William H. Freivogel, director of the School of Journalism at Southern Illinois University Carbondale and a professor at the Paul Simon Public Policy Institute, returned to East Africa this month. The following is the last of his five posts from the field. See his first, second, third, and fourth posts.
Kenya was the brightest spot on my first trip to Africa a year ago when our State Department-sponsored group traveled from Uganda to Kenya to Ethiopia. Kenya’s economy was booming, the middle class growing and a robust election campaign was underway. The press was freer in Kenya than anywhere we went.
One of the promising journalists I met then was Andrew Kimkemboi, features editor at The Standard, one of the top papers in Nairobi. Andrew, a dapper dresser, was bullish on Kenya’s future. He took me to a downtown restaurant where prosperous office workers ate lunch plates full of steaming meat and fish. He said that the good times in Kenya were one reason he was planning to vote for the incumbent president, Mwai Kibaki, even though he was from a different tribe.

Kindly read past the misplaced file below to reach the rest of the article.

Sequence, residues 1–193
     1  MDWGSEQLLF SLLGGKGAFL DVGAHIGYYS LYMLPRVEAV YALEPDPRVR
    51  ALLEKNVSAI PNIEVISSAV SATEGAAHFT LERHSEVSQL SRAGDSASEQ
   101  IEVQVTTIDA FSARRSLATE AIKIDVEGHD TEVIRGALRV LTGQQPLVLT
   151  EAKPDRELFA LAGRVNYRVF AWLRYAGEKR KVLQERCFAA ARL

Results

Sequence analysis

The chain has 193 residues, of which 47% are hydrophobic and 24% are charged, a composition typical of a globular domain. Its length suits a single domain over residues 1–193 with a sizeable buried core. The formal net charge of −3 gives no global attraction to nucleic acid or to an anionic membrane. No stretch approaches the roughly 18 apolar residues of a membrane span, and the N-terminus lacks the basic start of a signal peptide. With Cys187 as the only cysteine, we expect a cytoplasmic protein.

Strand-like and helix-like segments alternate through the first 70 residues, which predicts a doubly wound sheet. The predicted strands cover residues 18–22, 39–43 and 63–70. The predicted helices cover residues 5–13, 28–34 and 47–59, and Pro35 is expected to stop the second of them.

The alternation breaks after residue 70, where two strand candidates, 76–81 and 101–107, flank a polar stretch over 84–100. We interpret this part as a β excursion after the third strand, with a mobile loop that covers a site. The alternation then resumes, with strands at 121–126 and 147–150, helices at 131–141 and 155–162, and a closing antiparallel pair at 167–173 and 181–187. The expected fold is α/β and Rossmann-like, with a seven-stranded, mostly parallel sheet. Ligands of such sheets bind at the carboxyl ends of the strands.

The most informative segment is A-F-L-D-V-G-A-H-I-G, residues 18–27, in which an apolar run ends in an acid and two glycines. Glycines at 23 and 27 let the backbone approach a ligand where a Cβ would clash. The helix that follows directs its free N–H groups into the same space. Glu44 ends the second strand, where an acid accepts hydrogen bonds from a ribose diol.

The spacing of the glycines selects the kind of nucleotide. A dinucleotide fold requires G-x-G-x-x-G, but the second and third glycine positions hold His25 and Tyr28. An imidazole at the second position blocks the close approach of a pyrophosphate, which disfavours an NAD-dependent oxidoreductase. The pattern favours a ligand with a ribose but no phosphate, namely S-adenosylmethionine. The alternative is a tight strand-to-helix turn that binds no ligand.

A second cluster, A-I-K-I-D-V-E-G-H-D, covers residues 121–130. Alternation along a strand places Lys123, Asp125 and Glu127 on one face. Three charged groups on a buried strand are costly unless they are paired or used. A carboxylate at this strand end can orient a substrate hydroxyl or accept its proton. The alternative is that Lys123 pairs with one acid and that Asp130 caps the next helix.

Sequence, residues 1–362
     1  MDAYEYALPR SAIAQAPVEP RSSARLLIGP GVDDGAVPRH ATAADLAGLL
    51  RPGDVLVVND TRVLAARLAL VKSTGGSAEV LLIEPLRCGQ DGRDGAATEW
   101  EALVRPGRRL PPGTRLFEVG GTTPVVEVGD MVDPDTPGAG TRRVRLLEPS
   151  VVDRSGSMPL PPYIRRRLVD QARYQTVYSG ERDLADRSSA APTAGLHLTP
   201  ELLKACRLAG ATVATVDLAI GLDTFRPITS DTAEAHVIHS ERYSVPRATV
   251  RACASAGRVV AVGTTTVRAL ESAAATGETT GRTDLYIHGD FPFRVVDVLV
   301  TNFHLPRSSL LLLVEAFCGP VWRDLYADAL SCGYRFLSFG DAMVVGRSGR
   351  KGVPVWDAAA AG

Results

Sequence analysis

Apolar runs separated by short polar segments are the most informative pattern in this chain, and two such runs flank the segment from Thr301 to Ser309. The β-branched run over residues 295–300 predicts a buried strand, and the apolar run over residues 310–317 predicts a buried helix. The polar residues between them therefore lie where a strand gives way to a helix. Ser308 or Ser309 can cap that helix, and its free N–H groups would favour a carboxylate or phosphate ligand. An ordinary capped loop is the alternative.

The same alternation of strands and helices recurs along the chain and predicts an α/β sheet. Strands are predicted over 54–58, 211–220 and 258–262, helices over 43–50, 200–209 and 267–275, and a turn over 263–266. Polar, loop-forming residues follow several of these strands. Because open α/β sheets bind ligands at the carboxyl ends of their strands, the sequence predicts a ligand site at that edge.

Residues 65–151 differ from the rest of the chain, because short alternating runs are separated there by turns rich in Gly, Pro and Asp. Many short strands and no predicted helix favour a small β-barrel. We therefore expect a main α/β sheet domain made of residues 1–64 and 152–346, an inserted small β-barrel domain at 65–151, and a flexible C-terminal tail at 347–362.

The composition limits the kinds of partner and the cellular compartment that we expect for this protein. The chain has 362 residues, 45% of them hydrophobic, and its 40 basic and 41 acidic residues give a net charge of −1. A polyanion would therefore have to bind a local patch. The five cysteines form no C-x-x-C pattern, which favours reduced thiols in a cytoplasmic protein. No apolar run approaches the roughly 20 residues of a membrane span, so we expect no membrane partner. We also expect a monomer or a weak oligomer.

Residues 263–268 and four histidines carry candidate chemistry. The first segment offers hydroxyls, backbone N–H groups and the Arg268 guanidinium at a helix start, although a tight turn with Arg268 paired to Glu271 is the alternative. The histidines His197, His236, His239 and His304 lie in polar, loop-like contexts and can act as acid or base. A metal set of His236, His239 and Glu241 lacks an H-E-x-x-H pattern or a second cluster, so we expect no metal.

Andrew changed his mind before the December election and, like many Kenyans, voted for the opposition. He was in the newsroom right after the election when the opposition’s lead suddenly disappeared, apparently from some election officials’ sleight-of-hand.